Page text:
Fluorescent protein fusion, a widely used method for protein localization studies, was used to determine the subcellular localization of ClpV-5. A limitation of this technique is that the fluorescent protein might alter localization and activity of ClpV-5. The clpV-5-sfgfp fusion was expressed from the native chromosomal clpV-5 locus activated by the native host cell signal and we confirmed that ClpV-5 was functional when fused to sfGFP. Moreover, a previous study utilizing ClpV specific antibodies showed that –like ClpV-5-sfGFP– the native untagged ClpV protein assembles into discrete foci in V. cholerae .
- attTn7 :
attachment site of Tn7
multinucleated giant cell
RNA polymerase subunit beta
Ge P, Scholl D, Leiman PG, Yu X, Miller JF, Zhou ZH. Atomic structures of a bactericidal contractile nanotube in its pre- and postcontraction states. Nat Struct Mol Biol. 2015;22(5):377–82.
Leiman PG, Shneider MM. Contractile tail machines of bacteriophages. Adv Exp Med Biol. 2012;726:93–114.
Veesler D, Cambillau C. A common evolutionary origin for tailed-bacteriophage functional modules and bacterial machineries. MMBR. 2011;75(3):423–33.
Gallique M, Bouteiller M, Merieau A. The type VI secretion system: a dynamic system for bacterial communication? Front Microbiol. 2017;8:1454.
Hachani A, Wood TE, Filloux A. Type VI secretion and anti-host effectors. Curr Opin Microbiol. 2016;29:81–93.
Russell AB, Peterson SB, Mougous JD. Type VI secretion system effectors: poisons with a purpose. Nat Rev Microbiol. 2014;12(2):137–48.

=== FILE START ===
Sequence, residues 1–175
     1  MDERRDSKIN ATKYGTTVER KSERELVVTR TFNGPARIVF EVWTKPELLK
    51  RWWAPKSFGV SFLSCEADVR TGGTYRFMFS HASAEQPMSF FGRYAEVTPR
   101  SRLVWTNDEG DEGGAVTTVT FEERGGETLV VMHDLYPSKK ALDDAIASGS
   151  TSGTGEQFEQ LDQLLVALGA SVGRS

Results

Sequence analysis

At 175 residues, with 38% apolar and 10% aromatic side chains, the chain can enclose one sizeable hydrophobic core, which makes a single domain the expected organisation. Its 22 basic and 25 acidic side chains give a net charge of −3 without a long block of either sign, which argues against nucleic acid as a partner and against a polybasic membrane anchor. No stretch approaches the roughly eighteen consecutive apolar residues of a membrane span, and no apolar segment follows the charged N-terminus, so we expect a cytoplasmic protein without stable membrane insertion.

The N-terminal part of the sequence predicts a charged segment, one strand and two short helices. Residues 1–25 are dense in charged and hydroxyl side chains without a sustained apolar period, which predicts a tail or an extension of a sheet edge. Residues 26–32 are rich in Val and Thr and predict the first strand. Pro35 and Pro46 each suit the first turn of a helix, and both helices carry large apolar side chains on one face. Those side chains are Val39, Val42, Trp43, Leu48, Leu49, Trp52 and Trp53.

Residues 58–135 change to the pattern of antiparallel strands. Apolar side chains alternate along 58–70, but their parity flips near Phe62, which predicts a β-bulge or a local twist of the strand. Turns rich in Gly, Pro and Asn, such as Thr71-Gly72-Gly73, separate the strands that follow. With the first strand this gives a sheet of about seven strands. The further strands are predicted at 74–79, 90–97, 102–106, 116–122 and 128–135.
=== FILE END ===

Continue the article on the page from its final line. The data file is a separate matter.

Zoued A, Brunet YR, Durand E, Aschtgen MS, Logger L, Douzi B, et al. Architecture and assembly of the type VI secretion system. Biochem Biophys Acta. 2014;1843(8):1664–73 PubMed PMID: 24681160.
Brackmann M, Nazarov S, Wang J, Basler M. Using force to punch holes: mechanics of contractile nanomachines. Trends Cell Biol. 2017;27(9):623–32 PubMed PMID: 28602424.
Basler M, Pilhofer M, Henderson GP, Jensen GJ, Mekalanos JJ. Type VI secretion requires a dynamic contractile phage tail-like structure. Nature. 2012;483(7388):182–6.
Bonemann G, Pietrosiuk A, Diemand A, Zentgraf H, Mogk A. Remodelling of VipA/VipB tubules by ClpV-mediated threading is crucial for type VI protein secretion. EMBO J. 2009;28(4):315–25.
Pietrosiuk A, Lenherr ED, Falk S, Bonemann G, Kopp J, Zentgraf H, et al. Molecular basis for the unique role of the AAA + chaperone ClpV in type VI protein secretion. J Biol Chem. 2011;286(34):30010–21.
Douzi B, Brunet YR, Spinelli S, Lensi V, Legrand P, Blangy S, et al. Structure and specificity of the type VI secretion system ClpV-TssC interaction in enteroaggregative Escherichia coli. Sci Rep. 2016;4(6):34405.
Kube S, Kapitein N, Zimniak T, Herzog F, Mogk A, Wendler P. Structure of the VipA/B type VI secretion complex suggests a contraction-state-specific recycling mechanism. Cell Rep. 2014;8(1):20–30.